Learn about this rare headache disorder, including symptoms, steps for diagnosis and treatment

Hemicrania continua is a rare but treatable headache disorder that comes with a continuous headache on one side of the head. While the condition is not as common as migraine, it may affect more people than originally thought.

What is hemicrania continua?

Hemicrania means one side of the head, and continua means continuous. As the name implies, hemicrania continua is a one-sided headache that is daily and continuous. It’s a primary headache disorder, meaning nothing else causes it.

A similar but separate disorder, paroxysmal hemicrania also includes a one-sided headache, but this disorder causes five or more attacks of severe pain lasting up to 30 minutes over the course of a day.  People with paroxysmal hemicrania usually have no pain between these attacks while those with hemicrania continua always have some level of pain. It can be difficult to distinguish between the two disorders, but the main difference is the duration of pain. Hemicrania continua needs to be present for at least three months before doctors can confirm a diagnosis.

What are the symptoms of hemicrania continua?

Hemicrania continua always involves head pain on only one side. It rarely switches sides. The pain is present 24 hours per day, seven days a week, continuously for at least three months. The continuous headaches are typically moderate-severe in intensity and can get worse at different times each day.

Patients often have a variety of symptoms on the same side of the head as the headache.  These include tearing, redness of the eye, eyelid drooping, sweating, runny nose, or nasal congestion. Sometimes the headaches can have similar symptoms as migraine, such as light sensitivity and stabbing pain. An individual with hemicrania continua may become restless and be unable to sit still or lie down.

How is hemicrania continua diagnosed?

The cause of hemicrania continua is unknown. People who think they have it should speak with their doctor. As with migraine and many other headache disorders, there is no standard diagnostic test.

A trial treatment of indomethacin, a medicine in the NSAID family, may help confirm a hemicrania diagnosis. A positive response to indomethacin is necessary for a hemicrania diagnosis. However, if indomethacin works and someone has all the criteria for hemicrania, the headache may still have another cause.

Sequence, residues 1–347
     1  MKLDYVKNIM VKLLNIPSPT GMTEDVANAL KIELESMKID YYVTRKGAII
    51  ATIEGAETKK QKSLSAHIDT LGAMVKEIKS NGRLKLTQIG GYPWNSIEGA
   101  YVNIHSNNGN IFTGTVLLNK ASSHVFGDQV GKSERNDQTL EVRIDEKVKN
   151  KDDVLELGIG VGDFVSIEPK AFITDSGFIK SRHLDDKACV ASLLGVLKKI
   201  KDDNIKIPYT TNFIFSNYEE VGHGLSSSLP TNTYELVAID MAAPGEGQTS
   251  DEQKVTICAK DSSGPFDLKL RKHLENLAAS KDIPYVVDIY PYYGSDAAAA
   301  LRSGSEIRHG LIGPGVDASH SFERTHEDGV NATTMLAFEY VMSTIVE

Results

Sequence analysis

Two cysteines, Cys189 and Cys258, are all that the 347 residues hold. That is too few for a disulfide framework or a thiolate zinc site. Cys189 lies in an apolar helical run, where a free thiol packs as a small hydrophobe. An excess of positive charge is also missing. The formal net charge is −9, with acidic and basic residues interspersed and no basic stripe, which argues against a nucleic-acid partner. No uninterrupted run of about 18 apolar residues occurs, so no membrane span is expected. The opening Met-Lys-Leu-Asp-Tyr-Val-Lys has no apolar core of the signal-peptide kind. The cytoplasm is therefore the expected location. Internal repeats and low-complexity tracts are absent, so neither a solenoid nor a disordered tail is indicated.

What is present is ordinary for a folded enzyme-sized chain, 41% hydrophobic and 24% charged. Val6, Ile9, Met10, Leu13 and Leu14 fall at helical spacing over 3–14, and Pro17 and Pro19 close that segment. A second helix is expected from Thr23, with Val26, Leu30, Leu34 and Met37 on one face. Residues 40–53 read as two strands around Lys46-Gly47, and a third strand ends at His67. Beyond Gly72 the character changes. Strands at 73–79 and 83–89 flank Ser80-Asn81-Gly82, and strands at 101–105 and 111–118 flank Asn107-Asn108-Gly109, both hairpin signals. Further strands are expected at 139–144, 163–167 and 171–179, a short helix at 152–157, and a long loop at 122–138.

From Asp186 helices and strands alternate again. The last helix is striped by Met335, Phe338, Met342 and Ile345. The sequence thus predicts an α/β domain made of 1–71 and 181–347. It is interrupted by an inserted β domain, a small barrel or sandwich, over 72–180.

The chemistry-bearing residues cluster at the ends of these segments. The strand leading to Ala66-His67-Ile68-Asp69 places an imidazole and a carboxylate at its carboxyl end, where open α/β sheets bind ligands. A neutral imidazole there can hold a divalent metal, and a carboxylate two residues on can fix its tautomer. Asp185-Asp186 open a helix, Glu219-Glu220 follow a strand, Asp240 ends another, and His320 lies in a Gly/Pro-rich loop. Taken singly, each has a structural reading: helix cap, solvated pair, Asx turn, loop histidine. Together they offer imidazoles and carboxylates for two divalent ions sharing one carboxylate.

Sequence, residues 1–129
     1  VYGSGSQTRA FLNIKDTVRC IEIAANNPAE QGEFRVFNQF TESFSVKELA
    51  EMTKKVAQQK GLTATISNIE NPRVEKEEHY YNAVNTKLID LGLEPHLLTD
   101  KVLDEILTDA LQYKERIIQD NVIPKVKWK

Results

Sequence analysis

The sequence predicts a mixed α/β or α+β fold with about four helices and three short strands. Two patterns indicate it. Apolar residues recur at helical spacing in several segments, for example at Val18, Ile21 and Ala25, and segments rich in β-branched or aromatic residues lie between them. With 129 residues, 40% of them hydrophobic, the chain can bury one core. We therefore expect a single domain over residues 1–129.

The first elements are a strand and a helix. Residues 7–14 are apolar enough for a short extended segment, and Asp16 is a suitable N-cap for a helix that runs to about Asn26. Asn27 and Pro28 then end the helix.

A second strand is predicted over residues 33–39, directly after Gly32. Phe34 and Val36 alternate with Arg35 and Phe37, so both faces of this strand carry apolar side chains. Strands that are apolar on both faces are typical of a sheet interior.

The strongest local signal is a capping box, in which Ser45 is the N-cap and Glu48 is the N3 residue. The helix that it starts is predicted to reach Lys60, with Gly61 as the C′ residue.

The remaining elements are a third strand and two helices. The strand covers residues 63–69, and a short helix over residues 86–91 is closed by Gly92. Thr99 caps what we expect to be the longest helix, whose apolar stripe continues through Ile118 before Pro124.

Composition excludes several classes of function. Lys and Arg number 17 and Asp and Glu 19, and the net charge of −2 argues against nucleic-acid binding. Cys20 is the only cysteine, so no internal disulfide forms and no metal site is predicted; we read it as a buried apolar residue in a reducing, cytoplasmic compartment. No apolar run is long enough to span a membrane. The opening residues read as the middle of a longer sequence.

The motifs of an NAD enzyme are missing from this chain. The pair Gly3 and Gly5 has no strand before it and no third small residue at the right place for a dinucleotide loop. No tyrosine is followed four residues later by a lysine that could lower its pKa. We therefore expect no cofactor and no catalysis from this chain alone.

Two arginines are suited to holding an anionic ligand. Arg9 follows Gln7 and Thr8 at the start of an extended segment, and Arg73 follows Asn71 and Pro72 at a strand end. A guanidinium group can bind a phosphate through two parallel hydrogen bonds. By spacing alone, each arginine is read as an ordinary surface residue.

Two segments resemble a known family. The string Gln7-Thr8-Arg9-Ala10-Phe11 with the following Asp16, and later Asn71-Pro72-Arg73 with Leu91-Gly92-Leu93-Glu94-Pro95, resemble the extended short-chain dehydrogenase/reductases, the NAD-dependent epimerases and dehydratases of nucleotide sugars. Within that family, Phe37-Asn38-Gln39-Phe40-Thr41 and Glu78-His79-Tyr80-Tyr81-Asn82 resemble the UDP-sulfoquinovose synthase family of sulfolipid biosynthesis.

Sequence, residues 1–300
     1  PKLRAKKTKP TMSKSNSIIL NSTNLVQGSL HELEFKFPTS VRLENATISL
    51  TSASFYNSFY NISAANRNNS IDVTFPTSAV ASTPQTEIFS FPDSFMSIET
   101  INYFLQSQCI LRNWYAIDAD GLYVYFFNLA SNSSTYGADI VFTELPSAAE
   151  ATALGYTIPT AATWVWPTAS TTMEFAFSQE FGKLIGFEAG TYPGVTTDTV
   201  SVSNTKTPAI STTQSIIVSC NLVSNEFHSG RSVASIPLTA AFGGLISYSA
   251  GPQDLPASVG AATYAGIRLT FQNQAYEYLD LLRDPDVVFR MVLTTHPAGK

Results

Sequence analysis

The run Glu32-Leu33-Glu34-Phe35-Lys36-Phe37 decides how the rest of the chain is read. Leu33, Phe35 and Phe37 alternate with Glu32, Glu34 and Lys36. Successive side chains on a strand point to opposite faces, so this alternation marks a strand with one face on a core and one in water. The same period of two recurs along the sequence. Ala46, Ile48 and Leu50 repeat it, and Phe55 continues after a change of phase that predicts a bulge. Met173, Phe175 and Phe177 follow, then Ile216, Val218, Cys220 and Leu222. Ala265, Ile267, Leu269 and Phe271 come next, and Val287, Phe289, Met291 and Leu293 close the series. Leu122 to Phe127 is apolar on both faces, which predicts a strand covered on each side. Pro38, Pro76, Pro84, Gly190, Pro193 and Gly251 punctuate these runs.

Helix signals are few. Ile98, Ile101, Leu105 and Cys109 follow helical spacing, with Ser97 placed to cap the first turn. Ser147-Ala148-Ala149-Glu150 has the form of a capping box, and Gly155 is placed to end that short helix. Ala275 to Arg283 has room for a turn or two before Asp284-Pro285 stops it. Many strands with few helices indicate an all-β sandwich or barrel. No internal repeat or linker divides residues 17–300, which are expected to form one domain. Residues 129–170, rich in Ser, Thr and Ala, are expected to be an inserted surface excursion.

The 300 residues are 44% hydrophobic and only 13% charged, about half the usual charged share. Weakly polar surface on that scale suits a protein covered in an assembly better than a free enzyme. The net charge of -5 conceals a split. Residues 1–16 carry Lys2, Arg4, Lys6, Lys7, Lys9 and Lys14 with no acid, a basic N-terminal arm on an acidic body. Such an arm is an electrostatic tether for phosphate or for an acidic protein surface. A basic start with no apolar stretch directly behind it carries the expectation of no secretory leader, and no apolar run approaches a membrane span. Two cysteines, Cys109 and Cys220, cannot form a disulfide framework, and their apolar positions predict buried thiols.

Hemicrania continua is a relatively unusual headache disorder, and can look like other disorders, including chronic cluster and chronic migraine. Diseases of blood vessels and your pituitary gland can also cause pain similar to this condition. Hemicrania can also look like a number of secondary headache disorders, so it’s important to visit a doctor to get the correct diagnosis.

How is hemicrania continua treated?

Hemicrania continua can be treated with indomethacin, making it the treatment of choice. Indomethacin is a medication that fights inflammation, similar to ibuprofen or naproxen, but indomethacin is unique in that it is the only medication in the NSAID family of medications that works to stop hemicrania continua.

Usually indomethacin starts at a low dose, such as 25 milligrams, taken three times a day with meals. Doctors then increase the dose until the patient no longer feels any head pain. Once this happens, the dose may be lowered so the patient can stay on the lowest effective dose.

Most people can take indomethacin without side effects, especially in lower doses. However,  others are unable to take indomethacin at all, or in the doses needed to relieve their pain. Some people feel nauseous, tired, or even depressed when taking it. Because the medication can upset the stomach, and can lead to ulcers, your doctor will also prescribe medications to protect your stomach lining while you are taking indomethacin.

Indomethacin has a few potential side effects, so talk to your doctor. If patients cannot take indomethacin, there are reports of successful treatment with gabapentin, melatonin, topiramate, verapamil, nerve blocks, onabotulinumtoxin-A and occipital nerve stimulation.

The duration of hemicrania is not predictable. Some people have a one-time episode in their life while others only get temporary relief and the pain comes back in the future. In general, hemicrania continua is manageable with medication, and those with this condition can continue to lead normal lives once on treatment.

The American Migraine Foundation is committed to improving the lives of those living with this debilitating disease. For more of the latest news and information on migraine, visit the AMF Resource Library. For help finding a healthcare provider, check out our Find a Doctor tool. Together, we are as relentless as migraine.